January 11, 2002 Features & Images » Feature Story

Feature 2 - Green games origins 

Lillehammer the first with Green Games

Page 4 of 4

Salt Lake City’s environmental campaign is more modest than Sydney’s or Lillehammer’s, although many facilities for the Salt Lake Games were already in place before the Games were awarded.

There are three primary components to Salt Lake’s environmental campaign: a zero net emissions goal, an urban forestry project and an urban heat island project called Cool Spaces 2002.

Cool Spaces is an attempt to reduce air temperature and pollution in the Salt Lake area. NASA conducted an overflight of the Salt Lake Valley and Olympic venues during the summer of 1998, photographing the area with infrared cameras. The effort produced a "heat map." Tree planting in the areas of greatest heat will attempt to reduce the air temperature and summer air pollution.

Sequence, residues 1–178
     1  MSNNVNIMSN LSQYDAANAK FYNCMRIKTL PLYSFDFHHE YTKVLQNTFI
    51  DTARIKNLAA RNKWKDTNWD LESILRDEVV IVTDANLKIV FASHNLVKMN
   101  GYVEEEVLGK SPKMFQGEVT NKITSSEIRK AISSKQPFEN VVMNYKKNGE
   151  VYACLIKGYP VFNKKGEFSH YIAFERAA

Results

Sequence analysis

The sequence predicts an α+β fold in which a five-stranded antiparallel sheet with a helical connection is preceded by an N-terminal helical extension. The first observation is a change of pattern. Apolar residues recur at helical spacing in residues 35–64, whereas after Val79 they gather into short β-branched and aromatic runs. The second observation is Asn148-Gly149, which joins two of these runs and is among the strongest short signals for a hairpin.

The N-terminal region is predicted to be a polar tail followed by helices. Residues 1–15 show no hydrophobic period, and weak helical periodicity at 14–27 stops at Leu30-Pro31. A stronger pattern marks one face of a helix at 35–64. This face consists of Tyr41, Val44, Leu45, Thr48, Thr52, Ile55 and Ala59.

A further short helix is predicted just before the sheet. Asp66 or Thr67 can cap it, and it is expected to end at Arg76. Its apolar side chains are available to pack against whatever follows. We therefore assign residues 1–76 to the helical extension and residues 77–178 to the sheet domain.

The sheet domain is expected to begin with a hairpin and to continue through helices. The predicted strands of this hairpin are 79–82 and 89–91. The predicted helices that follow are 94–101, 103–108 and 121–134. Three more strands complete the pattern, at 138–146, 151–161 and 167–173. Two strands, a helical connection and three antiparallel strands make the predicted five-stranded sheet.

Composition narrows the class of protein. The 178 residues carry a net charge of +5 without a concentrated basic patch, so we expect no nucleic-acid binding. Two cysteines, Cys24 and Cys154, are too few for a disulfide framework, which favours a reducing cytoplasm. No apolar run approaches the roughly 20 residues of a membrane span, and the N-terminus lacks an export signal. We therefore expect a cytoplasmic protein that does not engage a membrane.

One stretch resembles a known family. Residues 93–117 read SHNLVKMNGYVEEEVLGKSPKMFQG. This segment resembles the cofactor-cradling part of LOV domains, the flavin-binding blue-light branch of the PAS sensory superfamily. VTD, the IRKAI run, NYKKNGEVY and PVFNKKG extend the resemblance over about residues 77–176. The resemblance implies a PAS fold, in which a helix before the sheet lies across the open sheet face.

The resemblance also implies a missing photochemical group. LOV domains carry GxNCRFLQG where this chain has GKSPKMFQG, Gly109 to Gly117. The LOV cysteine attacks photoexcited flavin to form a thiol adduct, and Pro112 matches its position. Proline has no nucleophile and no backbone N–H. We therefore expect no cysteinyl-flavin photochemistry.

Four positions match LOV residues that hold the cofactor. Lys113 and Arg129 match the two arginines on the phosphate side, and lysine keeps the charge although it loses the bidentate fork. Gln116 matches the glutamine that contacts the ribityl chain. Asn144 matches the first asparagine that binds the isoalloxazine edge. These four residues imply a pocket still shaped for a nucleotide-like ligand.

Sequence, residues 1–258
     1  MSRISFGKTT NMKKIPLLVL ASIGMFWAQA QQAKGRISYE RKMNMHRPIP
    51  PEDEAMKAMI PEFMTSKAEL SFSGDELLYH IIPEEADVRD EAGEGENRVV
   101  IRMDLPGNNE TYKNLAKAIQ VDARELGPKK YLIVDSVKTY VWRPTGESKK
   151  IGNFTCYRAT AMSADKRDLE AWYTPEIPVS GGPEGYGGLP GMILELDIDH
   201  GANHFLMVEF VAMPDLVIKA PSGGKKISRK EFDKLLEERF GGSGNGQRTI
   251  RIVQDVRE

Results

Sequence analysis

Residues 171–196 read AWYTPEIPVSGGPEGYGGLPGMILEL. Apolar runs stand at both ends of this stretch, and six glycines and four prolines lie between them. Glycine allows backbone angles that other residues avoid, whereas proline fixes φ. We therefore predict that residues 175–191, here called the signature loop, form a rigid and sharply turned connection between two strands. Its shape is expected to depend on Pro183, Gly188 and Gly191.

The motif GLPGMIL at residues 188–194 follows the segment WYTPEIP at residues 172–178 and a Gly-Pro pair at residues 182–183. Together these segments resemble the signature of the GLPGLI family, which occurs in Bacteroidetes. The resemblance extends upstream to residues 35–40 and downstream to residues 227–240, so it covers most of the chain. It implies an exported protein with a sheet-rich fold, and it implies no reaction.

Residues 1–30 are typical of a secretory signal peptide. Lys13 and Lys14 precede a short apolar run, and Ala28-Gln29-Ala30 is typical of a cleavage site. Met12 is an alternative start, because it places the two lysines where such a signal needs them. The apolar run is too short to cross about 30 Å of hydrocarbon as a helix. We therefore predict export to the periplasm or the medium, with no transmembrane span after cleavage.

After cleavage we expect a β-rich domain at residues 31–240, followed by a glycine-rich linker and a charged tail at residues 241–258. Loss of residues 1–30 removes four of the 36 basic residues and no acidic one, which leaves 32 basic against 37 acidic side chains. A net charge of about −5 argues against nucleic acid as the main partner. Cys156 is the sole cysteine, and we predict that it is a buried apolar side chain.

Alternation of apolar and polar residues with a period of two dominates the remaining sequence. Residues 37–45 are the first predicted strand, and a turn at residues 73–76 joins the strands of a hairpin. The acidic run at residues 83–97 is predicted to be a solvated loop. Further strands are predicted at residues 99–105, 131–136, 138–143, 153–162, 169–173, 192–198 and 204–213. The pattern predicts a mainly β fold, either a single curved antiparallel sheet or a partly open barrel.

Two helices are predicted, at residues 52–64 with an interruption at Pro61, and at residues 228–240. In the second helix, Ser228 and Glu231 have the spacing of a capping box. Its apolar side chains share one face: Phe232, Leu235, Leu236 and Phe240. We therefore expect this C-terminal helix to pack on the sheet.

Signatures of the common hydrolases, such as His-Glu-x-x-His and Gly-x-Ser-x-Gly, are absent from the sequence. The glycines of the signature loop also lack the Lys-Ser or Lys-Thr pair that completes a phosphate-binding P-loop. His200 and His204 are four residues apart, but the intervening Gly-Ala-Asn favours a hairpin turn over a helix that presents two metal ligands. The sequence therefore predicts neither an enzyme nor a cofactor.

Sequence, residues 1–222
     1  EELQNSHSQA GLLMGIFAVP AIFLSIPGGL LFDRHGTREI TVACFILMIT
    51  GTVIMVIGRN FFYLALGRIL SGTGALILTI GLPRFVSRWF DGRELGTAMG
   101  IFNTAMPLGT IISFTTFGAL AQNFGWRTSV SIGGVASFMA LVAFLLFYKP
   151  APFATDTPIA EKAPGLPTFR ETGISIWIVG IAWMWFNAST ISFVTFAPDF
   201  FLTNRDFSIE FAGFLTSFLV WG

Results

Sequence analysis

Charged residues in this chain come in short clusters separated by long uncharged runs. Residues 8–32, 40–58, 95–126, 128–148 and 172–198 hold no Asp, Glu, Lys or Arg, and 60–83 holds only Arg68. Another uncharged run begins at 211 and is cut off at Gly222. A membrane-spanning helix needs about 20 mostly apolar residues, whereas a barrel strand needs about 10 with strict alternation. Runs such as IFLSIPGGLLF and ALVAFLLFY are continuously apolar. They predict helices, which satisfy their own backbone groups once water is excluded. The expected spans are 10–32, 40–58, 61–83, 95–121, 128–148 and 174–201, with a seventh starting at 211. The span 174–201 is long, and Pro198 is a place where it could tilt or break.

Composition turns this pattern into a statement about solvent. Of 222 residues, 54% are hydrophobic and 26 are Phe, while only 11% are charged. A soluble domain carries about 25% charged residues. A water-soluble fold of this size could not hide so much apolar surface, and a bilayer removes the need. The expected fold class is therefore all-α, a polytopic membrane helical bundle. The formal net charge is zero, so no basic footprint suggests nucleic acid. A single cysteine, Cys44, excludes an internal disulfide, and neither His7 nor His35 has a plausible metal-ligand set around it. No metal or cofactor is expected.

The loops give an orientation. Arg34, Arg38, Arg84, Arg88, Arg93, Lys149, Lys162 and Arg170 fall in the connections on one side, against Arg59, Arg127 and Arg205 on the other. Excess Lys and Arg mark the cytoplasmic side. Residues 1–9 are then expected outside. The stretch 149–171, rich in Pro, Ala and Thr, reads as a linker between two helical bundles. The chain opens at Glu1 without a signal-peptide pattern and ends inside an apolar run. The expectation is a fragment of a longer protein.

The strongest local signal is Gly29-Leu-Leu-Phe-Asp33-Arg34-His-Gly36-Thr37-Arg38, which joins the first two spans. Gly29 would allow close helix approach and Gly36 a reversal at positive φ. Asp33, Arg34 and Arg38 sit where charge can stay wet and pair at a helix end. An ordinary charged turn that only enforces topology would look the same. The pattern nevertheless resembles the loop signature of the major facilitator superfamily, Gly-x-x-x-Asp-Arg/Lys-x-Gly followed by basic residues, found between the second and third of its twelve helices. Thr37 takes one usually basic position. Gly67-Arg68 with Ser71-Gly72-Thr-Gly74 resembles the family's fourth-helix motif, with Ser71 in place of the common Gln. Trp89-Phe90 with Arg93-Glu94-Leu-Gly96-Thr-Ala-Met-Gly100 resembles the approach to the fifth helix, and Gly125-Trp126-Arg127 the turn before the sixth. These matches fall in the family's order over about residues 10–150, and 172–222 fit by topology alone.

The Salt Lake Organizing Committee says ground level ozone, a hazardous air pollutant, is produced partly by heat. Studies have shown that if urban tree cover can be increased by 5 per cent the production of ozone can be decreased by 10 per cent.

Plant it Green! is an Internet-based international program that advocates the importance of urban forestry and encourages tree planting. According to the Salt Lake 2002 Web site: "Anyone anywhere in the world can plant a tree in their community in honor of the Olympics and register it on www.saltlake2002.com. SLOC will provide each Olympic tree planter a certificate recognizing his or her role in enhancing the environment."

SLOC’s zero net emissions goal is based on an efficiency-for-emissions swap. The Cleaner and Greener program encourages energy users to reduce their energy consumption and, by doing so, counterbalance any emissions increase related to hosting the Games.

SLOC has partnered with the Leonardo Academy to calculate the total energy use and air emissions created by hosting the Games. "By gathering donations of emission reductions from sponsors, schools, and businesses, these Games could be the first in Olympic history with zero net air emissions," SLOC says.

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